Abstract

http://ssrn.com/abstract=2307517
 


 



In the Footsteps of John Marshall: European Courts and the Expansion of Protection of Forced Migrants


Maryellen Fullerton


Brooklyn Law School

August 8, 2013

Brooklyn Law School, Legal Studies Paper No. 350

Abstract:     
The Court of Justice of the European Union and the European Court of Human Rights share with the Marshall Court the reputation (and reality) of being activist institutions. Well aware of the long-term structural implications of many of the disputes before them, they are important drivers of the European project. They have already left their mark on the development of the Common European Asylum System (CEAS) through recent decisions, such as Hirsi Jamaa and Others v. Italy, Germany v. B and D, and Elgafaji v. State Secretary of Justice. These judicial opinions demonstrate that the supra-national European courts are not shy about issuing broad rulings. In stark contrast to the limitations on U.S. judicial power that we are accustomed to in the plenary power doctrine, the European courts do not exhibit substantial deference to executive control of forced migration. Nor do these European judicial opinions resonate with the complex preemption analyses adopted by U.S. courts in their review of state and local challenges to federal immigration power. The Court of Justice of the European Union and the European Court of Human Rights are actively expanding the scope of EU law and, along with it, the right to asylum in Europe.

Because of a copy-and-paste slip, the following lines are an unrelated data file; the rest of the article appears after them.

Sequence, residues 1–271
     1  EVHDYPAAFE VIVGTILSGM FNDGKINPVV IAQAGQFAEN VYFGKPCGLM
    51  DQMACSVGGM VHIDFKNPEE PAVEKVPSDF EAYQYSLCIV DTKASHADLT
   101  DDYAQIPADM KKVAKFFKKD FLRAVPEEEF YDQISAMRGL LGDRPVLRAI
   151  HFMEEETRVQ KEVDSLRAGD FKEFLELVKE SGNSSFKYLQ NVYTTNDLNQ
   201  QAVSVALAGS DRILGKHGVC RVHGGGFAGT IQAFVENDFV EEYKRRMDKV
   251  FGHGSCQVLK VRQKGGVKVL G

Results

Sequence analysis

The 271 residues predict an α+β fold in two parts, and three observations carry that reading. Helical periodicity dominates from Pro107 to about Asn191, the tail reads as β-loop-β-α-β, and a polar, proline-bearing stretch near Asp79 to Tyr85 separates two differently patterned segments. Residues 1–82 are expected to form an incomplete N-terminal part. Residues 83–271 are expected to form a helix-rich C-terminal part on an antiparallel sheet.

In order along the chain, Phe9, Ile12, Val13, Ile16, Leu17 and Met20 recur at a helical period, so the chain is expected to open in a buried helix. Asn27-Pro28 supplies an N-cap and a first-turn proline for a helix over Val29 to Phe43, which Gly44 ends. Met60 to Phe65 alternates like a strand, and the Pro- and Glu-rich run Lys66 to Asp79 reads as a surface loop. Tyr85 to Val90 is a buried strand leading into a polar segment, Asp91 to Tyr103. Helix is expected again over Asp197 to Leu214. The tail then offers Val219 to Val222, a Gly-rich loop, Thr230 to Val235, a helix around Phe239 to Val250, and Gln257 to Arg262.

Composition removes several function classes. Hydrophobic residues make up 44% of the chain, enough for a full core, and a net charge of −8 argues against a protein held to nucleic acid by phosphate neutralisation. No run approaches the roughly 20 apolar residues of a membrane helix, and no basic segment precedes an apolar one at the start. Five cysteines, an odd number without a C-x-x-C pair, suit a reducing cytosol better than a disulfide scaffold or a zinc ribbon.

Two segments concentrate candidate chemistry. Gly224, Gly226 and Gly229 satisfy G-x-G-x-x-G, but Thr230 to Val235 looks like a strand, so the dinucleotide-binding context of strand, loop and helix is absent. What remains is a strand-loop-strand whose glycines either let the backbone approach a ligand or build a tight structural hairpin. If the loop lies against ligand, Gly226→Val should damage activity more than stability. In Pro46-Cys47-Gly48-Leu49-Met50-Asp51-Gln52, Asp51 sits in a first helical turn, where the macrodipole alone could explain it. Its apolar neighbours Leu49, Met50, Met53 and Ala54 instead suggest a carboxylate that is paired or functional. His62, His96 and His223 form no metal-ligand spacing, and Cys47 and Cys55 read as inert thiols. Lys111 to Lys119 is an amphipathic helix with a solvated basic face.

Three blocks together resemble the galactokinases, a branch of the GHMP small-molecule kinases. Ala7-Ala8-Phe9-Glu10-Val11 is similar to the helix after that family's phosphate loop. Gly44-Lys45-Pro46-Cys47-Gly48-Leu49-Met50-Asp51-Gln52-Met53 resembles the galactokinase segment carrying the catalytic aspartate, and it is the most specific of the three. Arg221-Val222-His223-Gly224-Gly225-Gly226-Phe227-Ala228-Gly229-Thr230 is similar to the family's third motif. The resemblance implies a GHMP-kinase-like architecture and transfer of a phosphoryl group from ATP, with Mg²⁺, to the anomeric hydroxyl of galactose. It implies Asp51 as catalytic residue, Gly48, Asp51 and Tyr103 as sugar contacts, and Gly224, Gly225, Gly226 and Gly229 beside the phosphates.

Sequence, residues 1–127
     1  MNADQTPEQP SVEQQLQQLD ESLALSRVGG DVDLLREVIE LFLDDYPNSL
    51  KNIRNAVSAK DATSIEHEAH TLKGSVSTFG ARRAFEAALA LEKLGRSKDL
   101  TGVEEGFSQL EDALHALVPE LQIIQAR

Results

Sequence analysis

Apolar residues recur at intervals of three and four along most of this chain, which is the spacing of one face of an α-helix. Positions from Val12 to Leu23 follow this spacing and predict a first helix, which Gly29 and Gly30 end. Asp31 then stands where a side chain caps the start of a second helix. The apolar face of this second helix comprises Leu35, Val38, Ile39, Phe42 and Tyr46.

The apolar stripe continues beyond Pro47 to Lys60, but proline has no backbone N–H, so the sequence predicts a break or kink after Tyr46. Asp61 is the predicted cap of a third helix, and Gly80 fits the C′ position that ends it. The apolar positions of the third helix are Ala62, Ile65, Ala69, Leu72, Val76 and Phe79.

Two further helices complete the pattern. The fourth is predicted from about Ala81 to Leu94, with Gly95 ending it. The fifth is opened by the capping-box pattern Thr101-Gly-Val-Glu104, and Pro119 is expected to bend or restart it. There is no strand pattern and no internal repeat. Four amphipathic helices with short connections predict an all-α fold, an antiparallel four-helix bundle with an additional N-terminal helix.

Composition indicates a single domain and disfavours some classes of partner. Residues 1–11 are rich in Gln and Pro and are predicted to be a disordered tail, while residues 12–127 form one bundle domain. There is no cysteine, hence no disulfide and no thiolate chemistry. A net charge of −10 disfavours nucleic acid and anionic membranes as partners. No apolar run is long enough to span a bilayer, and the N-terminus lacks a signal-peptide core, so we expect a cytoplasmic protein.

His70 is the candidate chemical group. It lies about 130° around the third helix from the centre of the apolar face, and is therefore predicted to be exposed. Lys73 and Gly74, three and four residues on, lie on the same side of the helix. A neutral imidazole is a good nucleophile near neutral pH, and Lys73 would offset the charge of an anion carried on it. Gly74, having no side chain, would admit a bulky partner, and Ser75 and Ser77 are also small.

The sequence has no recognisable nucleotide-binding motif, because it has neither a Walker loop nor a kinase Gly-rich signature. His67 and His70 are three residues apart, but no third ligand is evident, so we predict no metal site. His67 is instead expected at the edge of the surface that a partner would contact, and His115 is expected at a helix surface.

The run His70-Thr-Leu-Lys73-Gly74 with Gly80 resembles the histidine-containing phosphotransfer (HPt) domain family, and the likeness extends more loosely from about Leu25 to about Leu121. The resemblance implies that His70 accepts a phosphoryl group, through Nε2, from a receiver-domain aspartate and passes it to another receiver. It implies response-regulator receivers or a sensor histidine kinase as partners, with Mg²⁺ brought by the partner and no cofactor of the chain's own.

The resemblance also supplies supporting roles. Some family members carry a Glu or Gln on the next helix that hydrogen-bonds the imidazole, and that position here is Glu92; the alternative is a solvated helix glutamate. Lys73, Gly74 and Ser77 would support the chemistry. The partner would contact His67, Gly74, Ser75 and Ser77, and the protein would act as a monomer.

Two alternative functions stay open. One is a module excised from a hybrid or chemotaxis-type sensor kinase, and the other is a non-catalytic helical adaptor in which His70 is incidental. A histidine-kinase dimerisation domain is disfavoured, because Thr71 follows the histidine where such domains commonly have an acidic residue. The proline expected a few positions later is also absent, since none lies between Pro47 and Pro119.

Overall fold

Number of Pages in PDF File: 10

Keywords: Asylum, Common European Asylum System, Court of Justice of the European Union, Elgafaji v. Staatssecretaris van Justitie, European Court of Human Rights, European Human Rights Convention, European Union, Extraterritorial Effect, Forced Migrants, Germany v. B and D, Hirsi Jamaa and Others v. Italy

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Date posted: August 8, 2013  

Suggested Citation

Fullerton, Maryellen, In the Footsteps of John Marshall: European Courts and the Expansion of Protection of Forced Migrants (August 8, 2013). Brooklyn Law School, Legal Studies Paper No. 350. Available at SSRN: http://ssrn.com/abstract=2307517 or http://dx.doi.org/10.2139/ssrn.2307517

Contact Information

Maryellen Fullerton (Contact Author)
Brooklyn Law School ( email )
250 Joralemon Street
Brooklyn, NY 11201
United States

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